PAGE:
And now for something completely inevitable


Theresa May, formerly the Prime Minister of England, has just lost by a huge margin, a vote in Parliament regarding the terms she negotiated with the EU over Brexit. These terms encompassed all the worst aspects of belonging to the EU without any of the benefits of a significant vote in the organization. May is now a zombie. She still occupies the office of Prime Minister but her career is effectively finished. Zombie-like, she will stagger on until someone puts the metaphorical bullet through her head, possibly by internal party revolt. She is enormously self over-rated, and in this she resembles a lot of women in power these days.


  1. Britain will leave the European Union, inevitably.
  2. Britain will make free trade agreements with all who want them with her, which includes the US, Canada and the English-speaking countries of the Commonwealth. Probably more will sign up with the UK.
  3.  The EU will last another ten to twenty years, though it will fracture into northern and southern economies, if not into more subgroups.

May is not the only political zombie. So is the EU, though the EU still thinks it is calling the shots.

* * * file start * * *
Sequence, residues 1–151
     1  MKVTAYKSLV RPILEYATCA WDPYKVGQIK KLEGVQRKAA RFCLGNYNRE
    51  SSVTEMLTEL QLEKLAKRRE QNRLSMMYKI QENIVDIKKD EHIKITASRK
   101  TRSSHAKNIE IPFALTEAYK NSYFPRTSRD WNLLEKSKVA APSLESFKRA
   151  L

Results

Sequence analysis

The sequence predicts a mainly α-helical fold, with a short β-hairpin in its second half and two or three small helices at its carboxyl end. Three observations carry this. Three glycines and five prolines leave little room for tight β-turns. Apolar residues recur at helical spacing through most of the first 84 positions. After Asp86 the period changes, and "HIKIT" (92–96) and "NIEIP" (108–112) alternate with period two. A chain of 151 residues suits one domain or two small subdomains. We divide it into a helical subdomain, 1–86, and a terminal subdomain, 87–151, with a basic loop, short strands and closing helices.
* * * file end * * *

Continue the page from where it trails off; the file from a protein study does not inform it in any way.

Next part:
Some changes take time to unfold. This is one of them.

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The Tories have always been split on the issue of EU membership so she is not the first one having difficulty bridging this gap. It will be ironic if hard Brexiters end up causing a soft Brexit or delay in Brexit. EU legal advice does not rule out a delay and work has begun on that.

It is interesting to you see you concur Corbyn’s view of May.

Miles Lunn

Most likely outcome is UK leaves with no deal, but I would not rule out another referendum and while I think it would be very close, the remain side would have a slight advantage as 1.6 million Brits have died since and chances are most voted leave while 1.8 million (either weren’t 18 then or became citizens) are now eligible to vote and likely that group will overwhelmingly vote to remain. Nonetheless the country is deeply divided and I suspect it will be some time before this is resolved. I don’t think the EU will disappear, rather it will face even more crises and I think that will create the impetus for a more democratic but closer union.

old white guy

she did not lose the non-confidence vote because her party is in the majority and I do not know any politician anywhere that would cut their own throat.


re: second referendum

If there is a second referendum then there should be a third one as well to be fair so that it is a best-of-three affair.

re: “her party is in the majority”

That is not so. DUP, a N. Ireland based party, is part of the coalition. Without their support the govt would have been defeated. DUP is the one bringing the Irish question to the forefront and it has arguably been the most contentious issue in the Brexit negotiation. If DUP wasn’t part of the coalition May might have let them fend for themselves. A minority Tory govt was a blessing for the Irish. Talk about luck of the Irish.

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